Volvo will integrate NVIDIA’s DRIVE AGX Xavier computer to power its next-generation of autonomous vehicles, according to an announcement made today by NVIDIA. Production of the supported Volvo autonomous cars will start early 2020s.
The GPU maker will deliver ‘level 2+’ automated driving features. With level 2 autonomous vehicles providing basic driving assistance, such as lane assistance, Drive AGX’s goes further, with the computer taking over multiple functions from the driver.
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This will be rolled out in the initial production release, but cars with NVIDIA’s GPUs will support regular software updates, much like a mobile phone. The platform will also facilitate connectivity services, energy management technology and in-car personalisation.
“Autopilot done right will bring a jump in safety and driving comfort,” said NIVIDIA CEO and founder Jensen Huang, announcing the news during his GTC Europe keynote in Munich.
“Your car will drive you and constantly watch out for you. Making this possible will require sensor architecture, AI software, computing and safety technology like nothing the world has ever made.”
Senior director of automotive NVIDIA Danny Shapiro told press at a roundtable that it is a “deal to take the technology and move it to the mainstream.”
Safety first with Volvo autonomous cars
The partnership aims to balance safety, comfort and computing capability. Much of this stems from the integration of a 360-degree surround perception and a driver monitoring system that keeps track of the driver’s status.
Drive AGX Incorporates six different types of processors, with the system-on-a-chip capable of 30 trillion operations per second – crucial for processing the enormous amounts of data flowing in from an autonomous vehicle’s sensors.
All of the extra compute is designed to put safety at the forefront, which has come under close scrutiny this year after several fatalities involving autonomous vehicles.
“There’s a direct correlation to the amount of compute you have in the vehicle, coupled of course with sensor data coming in, to how safe and how capable and how reliable that system is, and so Volvo is being very forward-looking here,” said Shapiro.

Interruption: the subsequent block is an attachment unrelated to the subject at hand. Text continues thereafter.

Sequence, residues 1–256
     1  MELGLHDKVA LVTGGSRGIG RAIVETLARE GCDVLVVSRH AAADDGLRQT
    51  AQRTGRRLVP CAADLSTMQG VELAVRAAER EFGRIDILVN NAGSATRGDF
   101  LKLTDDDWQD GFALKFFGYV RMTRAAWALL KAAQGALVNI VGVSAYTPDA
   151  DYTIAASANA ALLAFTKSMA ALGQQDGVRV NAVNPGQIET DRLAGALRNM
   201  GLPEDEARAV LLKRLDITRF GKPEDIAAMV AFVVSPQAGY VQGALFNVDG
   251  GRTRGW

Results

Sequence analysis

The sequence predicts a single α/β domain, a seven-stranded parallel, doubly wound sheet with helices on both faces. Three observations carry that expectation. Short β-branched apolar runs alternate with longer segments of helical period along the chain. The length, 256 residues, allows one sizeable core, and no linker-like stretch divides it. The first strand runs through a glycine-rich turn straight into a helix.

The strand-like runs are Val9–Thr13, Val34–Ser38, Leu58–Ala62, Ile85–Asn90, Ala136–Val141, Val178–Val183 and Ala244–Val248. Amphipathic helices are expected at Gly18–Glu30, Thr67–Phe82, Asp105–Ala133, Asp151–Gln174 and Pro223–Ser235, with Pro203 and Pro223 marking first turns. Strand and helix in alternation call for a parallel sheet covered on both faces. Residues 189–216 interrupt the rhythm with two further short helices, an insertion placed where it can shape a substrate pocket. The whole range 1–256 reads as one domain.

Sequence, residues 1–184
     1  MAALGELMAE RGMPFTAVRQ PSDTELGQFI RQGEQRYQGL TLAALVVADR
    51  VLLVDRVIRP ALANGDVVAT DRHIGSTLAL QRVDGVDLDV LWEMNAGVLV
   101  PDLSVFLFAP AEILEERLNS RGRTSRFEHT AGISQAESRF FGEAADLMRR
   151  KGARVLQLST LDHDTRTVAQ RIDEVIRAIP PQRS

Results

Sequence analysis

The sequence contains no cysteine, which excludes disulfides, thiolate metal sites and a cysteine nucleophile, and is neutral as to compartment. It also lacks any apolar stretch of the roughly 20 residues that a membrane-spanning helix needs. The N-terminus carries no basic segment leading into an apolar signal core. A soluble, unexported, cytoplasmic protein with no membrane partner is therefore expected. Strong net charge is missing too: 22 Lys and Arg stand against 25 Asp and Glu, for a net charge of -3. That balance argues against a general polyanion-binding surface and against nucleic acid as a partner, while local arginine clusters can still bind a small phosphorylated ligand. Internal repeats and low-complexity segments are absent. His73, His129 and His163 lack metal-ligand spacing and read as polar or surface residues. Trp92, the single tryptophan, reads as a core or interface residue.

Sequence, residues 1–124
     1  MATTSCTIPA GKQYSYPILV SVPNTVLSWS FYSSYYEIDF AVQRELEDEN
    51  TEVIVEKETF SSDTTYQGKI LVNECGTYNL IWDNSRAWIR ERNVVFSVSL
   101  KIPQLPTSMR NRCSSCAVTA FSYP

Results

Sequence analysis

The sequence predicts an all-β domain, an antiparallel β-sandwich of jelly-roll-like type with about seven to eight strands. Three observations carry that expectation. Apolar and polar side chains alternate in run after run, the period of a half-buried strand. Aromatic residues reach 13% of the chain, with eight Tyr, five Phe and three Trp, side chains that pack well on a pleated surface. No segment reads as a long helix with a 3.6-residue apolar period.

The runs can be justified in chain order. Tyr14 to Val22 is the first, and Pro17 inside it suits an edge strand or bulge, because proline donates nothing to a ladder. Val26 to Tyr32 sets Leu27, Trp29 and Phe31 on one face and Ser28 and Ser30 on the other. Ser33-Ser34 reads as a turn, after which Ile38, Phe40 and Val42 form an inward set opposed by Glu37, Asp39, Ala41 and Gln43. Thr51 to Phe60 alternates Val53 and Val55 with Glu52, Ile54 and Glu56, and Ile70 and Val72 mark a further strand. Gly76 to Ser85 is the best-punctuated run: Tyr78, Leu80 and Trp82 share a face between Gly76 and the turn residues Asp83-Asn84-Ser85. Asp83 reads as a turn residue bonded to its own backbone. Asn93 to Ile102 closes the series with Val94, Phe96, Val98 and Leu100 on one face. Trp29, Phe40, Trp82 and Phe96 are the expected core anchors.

NVIDIA has also been training its autonomous vehicles in virtual reality, allowing it to simulate billions of miles in short amounts of time.
Growing the Volvo and NVIDA driverless car partnership
The announcement builds on Volvo and NVIDIA’s driverless car partnership, first announced in June last year. In September, Volvo teased the concept for its 360c, a level 4 autonomous car that turns it into a ‘driving office’.
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“A successful launch of autonomous drive will require an enormous amount of computing power, as well as constant advances in artificial intelligence,” said Håkan Samuelsson, president and chief executive of Volvo Cars.
“Our agreement with NVIDIA is an important piece of that puzzle and helps us to safely introduce fully autonomous Volvo cars to our customers.”
NVIDIA has partnerships with many automotive makers who use NVIDIA Drive GPUs, such as Daimler and Bosch. The open-source platform allows car makers to add their own bespoke features onto the core driving
Drive AGX is part of a wider AGX chip family, designed specifically for autonomous machines, including robots and medical devices.